Defense attorney Pamela Ames speaks on behalf of her client, Richard Murray-Burns, seated, during a January 2020 court hearing in Skowhegan. Murray-Burns was later sentenced to decades in prison for a shootout with police that left an officer wounded. Rich Abrahamson/Morning Sentinel file

SKOWHEGAN — A Hartland man who was previously convicted of shooting a police officer and firing on several others during a 15-mile chase was sentenced last week to 30 years in prison after he had successfully appealed the initial sentence he was given.

Richard Murray-Burns, 33, was sentenced Thursday in a Skowhegan courtroom to 225 years in prison with all but the 30 years suspended, according to Maeghan Maloney, the district attorney for Kennebec and Somerset counties. The sentence came after he pleaded guilty in August 2021 to several charges, including multiple counts of aggravated attempted murder.

Superior Court Judge Bruce Mallonee handed down the same sentence that he had issued in March 2022. The sentence includes 20 years of probation once Murray-Burns completes his prison term.

“The short answer is that everything has stayed the same,” Maloney said. “What the judge wanted to do here was really combine public safety with compassion, and so he didn’t want to give Mr. Richard Murray-Burns a life sentence. Instead, he wanted him to initially serve 30 years, followed by 20 years of probation, with additional time hanging over his head if he is not successful on probation.”

Murray-Burns in December appealed his initial sentence, arguing that Mallonee erred by not properly justifying or explaining the sentence, and the Maine Supreme Judicial Court agreed.

While judges can order consecutive prison terms, they have to “make appropriate findings with record support,” essentially meaning that they have to justify why a crime is severe enough to warrant a longer sentence, according to briefs filed as part of the appeal.


Mallonee did not make that justification at the initial sentencing, meaning the entire sentence became invalid. Attempts to reach the judge Wednesday for comment were unsuccessful.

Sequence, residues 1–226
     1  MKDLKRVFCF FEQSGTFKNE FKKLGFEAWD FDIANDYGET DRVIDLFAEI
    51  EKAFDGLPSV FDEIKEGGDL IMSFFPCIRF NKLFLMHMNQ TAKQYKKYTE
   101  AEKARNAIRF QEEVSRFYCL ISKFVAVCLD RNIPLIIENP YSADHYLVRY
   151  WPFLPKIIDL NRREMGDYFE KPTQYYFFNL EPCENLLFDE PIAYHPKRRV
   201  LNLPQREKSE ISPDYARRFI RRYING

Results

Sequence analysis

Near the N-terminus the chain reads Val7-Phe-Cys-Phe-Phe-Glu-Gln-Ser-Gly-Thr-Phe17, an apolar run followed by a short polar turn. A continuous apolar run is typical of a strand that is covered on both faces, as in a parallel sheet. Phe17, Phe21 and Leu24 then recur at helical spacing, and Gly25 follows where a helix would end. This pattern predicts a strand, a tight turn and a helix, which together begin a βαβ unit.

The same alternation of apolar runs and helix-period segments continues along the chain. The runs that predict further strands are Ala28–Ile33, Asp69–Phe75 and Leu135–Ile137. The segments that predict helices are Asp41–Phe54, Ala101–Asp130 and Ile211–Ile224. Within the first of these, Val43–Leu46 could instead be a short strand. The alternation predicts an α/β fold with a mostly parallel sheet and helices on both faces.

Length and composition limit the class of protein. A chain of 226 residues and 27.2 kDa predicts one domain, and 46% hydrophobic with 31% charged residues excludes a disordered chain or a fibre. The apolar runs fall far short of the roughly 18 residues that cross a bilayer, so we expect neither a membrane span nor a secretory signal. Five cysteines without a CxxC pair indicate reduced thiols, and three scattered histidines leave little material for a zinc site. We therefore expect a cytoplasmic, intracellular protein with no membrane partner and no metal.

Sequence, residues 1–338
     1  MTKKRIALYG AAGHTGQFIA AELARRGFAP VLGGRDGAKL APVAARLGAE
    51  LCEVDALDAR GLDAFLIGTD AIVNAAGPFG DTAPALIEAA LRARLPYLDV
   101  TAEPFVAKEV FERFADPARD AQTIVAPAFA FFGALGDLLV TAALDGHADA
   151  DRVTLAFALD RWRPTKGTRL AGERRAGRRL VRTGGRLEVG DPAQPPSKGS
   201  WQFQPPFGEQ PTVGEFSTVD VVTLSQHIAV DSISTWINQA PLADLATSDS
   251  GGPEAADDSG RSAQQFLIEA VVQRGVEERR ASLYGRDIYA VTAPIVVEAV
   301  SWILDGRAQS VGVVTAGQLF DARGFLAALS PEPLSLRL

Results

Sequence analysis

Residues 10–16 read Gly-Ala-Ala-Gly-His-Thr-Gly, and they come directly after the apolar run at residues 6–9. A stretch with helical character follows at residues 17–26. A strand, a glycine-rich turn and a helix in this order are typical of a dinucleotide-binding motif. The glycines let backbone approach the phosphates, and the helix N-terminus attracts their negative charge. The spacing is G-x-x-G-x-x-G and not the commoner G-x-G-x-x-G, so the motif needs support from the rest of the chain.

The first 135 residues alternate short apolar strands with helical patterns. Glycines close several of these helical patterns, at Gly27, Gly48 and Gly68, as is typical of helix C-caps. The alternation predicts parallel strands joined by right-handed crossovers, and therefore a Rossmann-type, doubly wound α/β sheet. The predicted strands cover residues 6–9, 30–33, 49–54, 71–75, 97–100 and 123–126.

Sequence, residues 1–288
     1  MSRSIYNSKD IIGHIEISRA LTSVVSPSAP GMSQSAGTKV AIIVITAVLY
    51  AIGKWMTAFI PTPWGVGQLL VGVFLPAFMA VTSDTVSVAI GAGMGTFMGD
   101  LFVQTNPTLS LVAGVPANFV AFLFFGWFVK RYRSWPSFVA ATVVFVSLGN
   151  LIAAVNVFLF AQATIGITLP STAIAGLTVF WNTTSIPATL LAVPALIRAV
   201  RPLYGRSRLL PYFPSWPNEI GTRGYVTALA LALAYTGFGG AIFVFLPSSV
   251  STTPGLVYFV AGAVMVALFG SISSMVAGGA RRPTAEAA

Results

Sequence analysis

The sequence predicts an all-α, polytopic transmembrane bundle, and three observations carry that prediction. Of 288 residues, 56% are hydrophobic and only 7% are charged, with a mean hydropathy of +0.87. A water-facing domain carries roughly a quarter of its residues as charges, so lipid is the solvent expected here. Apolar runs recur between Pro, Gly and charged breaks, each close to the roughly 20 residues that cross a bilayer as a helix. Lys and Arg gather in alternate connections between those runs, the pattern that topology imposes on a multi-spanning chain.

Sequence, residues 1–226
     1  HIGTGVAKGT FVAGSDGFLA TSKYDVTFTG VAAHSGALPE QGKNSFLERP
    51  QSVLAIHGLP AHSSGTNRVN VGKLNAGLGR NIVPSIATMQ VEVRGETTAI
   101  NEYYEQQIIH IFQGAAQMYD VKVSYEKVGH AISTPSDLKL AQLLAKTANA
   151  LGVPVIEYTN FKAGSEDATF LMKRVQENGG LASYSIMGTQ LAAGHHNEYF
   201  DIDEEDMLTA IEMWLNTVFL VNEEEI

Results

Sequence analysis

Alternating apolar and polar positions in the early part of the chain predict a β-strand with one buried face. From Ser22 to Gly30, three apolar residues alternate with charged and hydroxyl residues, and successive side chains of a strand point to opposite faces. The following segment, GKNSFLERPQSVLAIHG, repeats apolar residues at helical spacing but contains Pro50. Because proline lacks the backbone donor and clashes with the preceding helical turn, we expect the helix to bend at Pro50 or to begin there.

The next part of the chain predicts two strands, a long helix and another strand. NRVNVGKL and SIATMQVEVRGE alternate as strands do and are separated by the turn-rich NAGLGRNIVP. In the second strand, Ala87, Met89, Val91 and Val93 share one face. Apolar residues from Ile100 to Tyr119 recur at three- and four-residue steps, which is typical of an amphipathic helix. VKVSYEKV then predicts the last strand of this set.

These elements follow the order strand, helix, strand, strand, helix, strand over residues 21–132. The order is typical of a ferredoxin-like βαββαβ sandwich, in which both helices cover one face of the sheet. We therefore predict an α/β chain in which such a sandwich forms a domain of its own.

Maloney said the courtroom was “packed” Thursday with law enforcement officers from the region who attended to show support for the officers involved in the case.

“The entire courtroom was filled with not only the law enforcement officers whom experienced the gunfire from Mr. Richard Murray-Burns, but also the chief of police of Waterville, the chief of police of Skowhegan, and others who were there to support the people in their agencies who experienced this traumatic event,” she said.

Jennifer Cohen, Murray-Burns’ attorney, declined to comment on the sentencing.

Murray-Burns said during his trial in 2021 that he had taken LSD and was struggling with his mental health when he was pulled over in traffic by a Waterville officer on Dec. 22, 2019, after being accused of shoplifting food from Walmart. Murray-Burns shot and wounded the officer, Timothy Hinton, who was shot a second time as he then pursued the fleeing Murray-Burns.

Hinton’s patrol vehicle was struck 16 times by Murray-Burns as he was pursued by Hinton and Maine State Police troopers. Murray-Burns periodically stopped his vehicle to wait for officers to catch up before firing on them again.

The shootout ended after roughly 20 minutes and 15 miles later in Canaan. Murray-Burns was shot multiple times and was taken to a hospital where tests found that he had fentanyl and benzodiazepines in his system.

Prosecutors said the AR-15 pistol Murray-Burns used in the chase was heavily modified. Frank Griffin, Somerset County’s first assistant district attorney, said last year that Murray-Burns ground down the weapon’s magazine entry point to make the gun easier to reload and fire. He also attached several aftermarket modifications, including a binary trigger, a better scope and laser designator. Murray-Burns had also outfitted his car with a license plate shield and had donned a piece of body armor “far stronger” than what police officers are equipped with, Griffin said.

Murray-Burns pleaded guilty to 10 counts of aggravated attempted murder and single counts of failure to stop for an officer, theft by unauthorized taking and robbery. He is being held at the Maine State Prison in Warren.

Hinton recovered from his injuries and returned to patrol duty. He retired from the force last year.

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